Monday, August 25, 2008

Asa's Finish

Reading: 2 Chronicles 14 – 16   
Have you given much thought to how you will finish the race? Do you contemplate that there is going to be a need for strong endurance to finish well? Paul frequently contemplated the finish of the race (see Philippians 3:13-14; 1 Corinthians 9:24). King Asa of Judah began well, but he did not finish so well.
In 2 Chronicles 14-15, we read of Asa, king of Judah and how he began his reign.
Asa did what was good and right in the eyes of the LORD his God. 3He removed the foreign altars and the high places, smashed the sacred stones and cut down the Asherah poles. 4He commanded Judah to seek the LORD, the God of their fathers, and to obey his laws and commands. 5He removed the high places and incense altars in every town in Judah, and the kingdom was at peace under him. (2 Chronicles 14:2-5)
Asa was given peace—no longer was the nation in turmoil. “they built and prospered.” (2 Chronicles 14:7). Then, in about the 15th year of his reign, a Cushite king marches out against Him.
Then Asa called to the LORD his God and said, "LORD, there is no one like you to help the powerless against the mighty. Help us, O LORD our God, for we rely on you, and in your name we have come against this vast army. O LORD, you are our God; do not let man prevail against you."  12The LORD struck down the Cushites before Asa and Judah. (2 Chronicles 14:11-12).
After this Asa was encouraged with prophetic ministry (2 Chronicles 15:1-2). This prophecy encouraged Asa and all Judah. The response to this prophecy was astounding. They removed idols, they repaired the altar (no doubt at great expense) because they valued the presence of God, and they sought the Lord with all their heart. They went all out in devotion (2 Chronicles 15:11-15).
Note that last line: “So the Lord gave them rest on every side.” This was a real seeking of God, a real experience, a real encounter. Real enough that God gave them rest. Real enough that they made great sacrifices which are worthy of note in Scripture. In fact, they enjoyed rest for the next 20 years.
In 2 Chronicles 16, we read how Asa finished his reign. Indeed, Judah had peace from God as a gift for 20 years, but during that time lost their fire for the Lord; during that time they grew cold and comfortable; during that time they began to rely on themselves and their stuff rather than the Lord. For, at the end of that time, Baasha, king of Israel went up to attack Judah. Now, rather than seeking the Lord, they sent silver and gold from the Lord's temple and his own palace and sent a payoff to another king to help him out.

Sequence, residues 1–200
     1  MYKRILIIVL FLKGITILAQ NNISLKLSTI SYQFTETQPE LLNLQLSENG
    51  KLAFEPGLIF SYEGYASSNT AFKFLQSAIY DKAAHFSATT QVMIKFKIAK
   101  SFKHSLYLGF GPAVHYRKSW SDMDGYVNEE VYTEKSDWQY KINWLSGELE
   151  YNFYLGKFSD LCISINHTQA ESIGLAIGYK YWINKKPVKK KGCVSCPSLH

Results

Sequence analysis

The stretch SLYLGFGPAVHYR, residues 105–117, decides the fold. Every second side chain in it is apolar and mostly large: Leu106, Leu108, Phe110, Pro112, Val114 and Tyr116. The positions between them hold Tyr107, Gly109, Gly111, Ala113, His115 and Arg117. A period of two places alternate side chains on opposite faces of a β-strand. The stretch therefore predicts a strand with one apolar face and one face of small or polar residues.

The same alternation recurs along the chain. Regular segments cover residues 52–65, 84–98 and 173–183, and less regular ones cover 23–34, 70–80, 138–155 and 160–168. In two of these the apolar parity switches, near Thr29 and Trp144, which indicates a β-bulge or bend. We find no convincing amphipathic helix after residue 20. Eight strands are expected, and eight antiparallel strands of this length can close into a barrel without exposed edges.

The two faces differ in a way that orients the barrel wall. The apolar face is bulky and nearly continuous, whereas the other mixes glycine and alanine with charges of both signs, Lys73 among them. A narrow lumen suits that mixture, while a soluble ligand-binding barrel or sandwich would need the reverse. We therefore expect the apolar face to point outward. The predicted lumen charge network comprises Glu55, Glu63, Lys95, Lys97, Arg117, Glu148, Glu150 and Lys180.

7At that time Hanani the seer came to Asa king of Judah and said to him: "Because you relied on the king of Aram and not on the LORD your God, the army of the king of Aram has escaped from your hand.  8Were not the Cushites and Libyans a mighty army with great numbers of chariots and horsemen? Yet when you relied on the LORD, he delivered them into your hand. 9For the eyes of the LORD range throughout the earth to strengthen those whose hearts are fully committed to him. You have done a foolish thing, and from now on you will be at war." (2 Chronicles 16:7-9)
Starting fully committed to the Lord is long as you finish fully committed to the Lord. Judah had grown comfortable, and didn't want to stir themselves up out of their temporal peace to seek the Lord. So instead, they inherited lasting war. Better to be radical for the Lord, and have eternal peace, than to have the easy peace, the comfortable peace, and have lasting war. Many have a history that reveals a radical start. And we have experiences that reveal the Lord's gracious favor on our lives as a reward. Now, let's make certain we have a radical finish.
Love the Gospel, Live the Gospel, Advance the Gospel,

Tuesday, August 19, 2008

The Prayer of Abraham and His Servant

Reading: Genesis 24
“What is the prayer of faith?” “If God has promised, do I need to pray?” “Does praying with the word, “if” mean that I doubt God's promise?” Questions like these are not uncommon. Biblical examples of prayer which God clearly answered should inform our answers to these questions.
In Genesis 24 we have the story of Abraham sending his servant to obtain a wife for Isaac. Abraham is the father of faith. He is one of the Biblical examples of faith held before us throughout Scripture—we may be able to learn some things about faith from him. Abraham explains the need to his servant of going to the land of his relatives to obtain a wife for Isaac, because the promise would be in jeopardy if Isaac married a Canaanite; yet, Isaac must remain in the land of promise.
Abraham tells his servant, “You go to a far away town, find my long lost relatives whom you've never met, ask them for their daughter to come back with you (whom they've never met), across the dessert to marry Isaac (whom they've never met), and live happily ever after (where they will never see her).” (Genesis 24:3-5) The servant has a fair question, “What if the woman is unwilling to come back with me to this land?”
The odds are not in favor of this proposition. And notice what Abraham, the father of faith, did not say: “Don't you dare say 'if' and speak doubt over this situation. God is precariously poised to help us, but if we doubt Him, we will not receive the promise.”
Not at all, rather Abraham responds,
"The LORD, the God of heaven, who brought me out of my father's household and my native land and who spoke to me and promised me on oath, saying, 'To your offspring I will give this land'—he will send his angel before you so that you can get a wife for my son from there. 8If the woman is unwilling to come back with you, then you will be released from this oath of mine.” (Genesis 24:7-8)